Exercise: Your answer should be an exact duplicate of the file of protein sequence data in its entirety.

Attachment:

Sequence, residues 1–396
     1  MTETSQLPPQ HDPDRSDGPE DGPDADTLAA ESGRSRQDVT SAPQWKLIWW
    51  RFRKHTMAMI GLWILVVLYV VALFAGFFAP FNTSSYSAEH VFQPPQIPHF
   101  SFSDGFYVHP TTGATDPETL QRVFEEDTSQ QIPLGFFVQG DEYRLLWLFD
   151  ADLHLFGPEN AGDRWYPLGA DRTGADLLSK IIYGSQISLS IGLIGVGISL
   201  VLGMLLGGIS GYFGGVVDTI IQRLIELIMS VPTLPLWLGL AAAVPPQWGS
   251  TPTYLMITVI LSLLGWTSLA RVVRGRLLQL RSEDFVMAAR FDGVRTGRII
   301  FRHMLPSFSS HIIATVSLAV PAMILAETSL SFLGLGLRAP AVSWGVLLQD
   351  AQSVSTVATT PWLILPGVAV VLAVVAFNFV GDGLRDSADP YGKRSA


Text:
Sequence, residues 1–396
     1  MTETSQLPPQ HDPDRSDGPE DGPDADTLAA ESGRSRQDVT SAPQWKLIWW
    51  RFRKHTMAMI GLWILVVLYV VALFAGFFAP FNTSSYSAEH VFQPPQIPHF
   101  SFSDGFYVHP TTGATDPETL QRVFEEDTSQ QIPLGFFVQG DEYRLLWLFD
   151  ADLHLFGPEN AGDRWYPLGA DRTGADLLSK IIYGSQISLS IGLIGVGISL
   201  VLGMLLGGIS GYFGGVVDTI IQRLIELIMS VPTLPLWLGL AAAVPPQWGS
   251  TPTYLMITVI LSLLGWTSLA RVVRGRLLQL RSEDFVMAAR FDGVRTGRII
   301  FRHMLPSFSS HIIATVSLAV PAMILAETSL SFLGLGLRAP AVSWGVLLQD
   351  AQSVSTVATT PWLILPGVAV VLAVVAFNFV GDGLRDSADP YGKRSA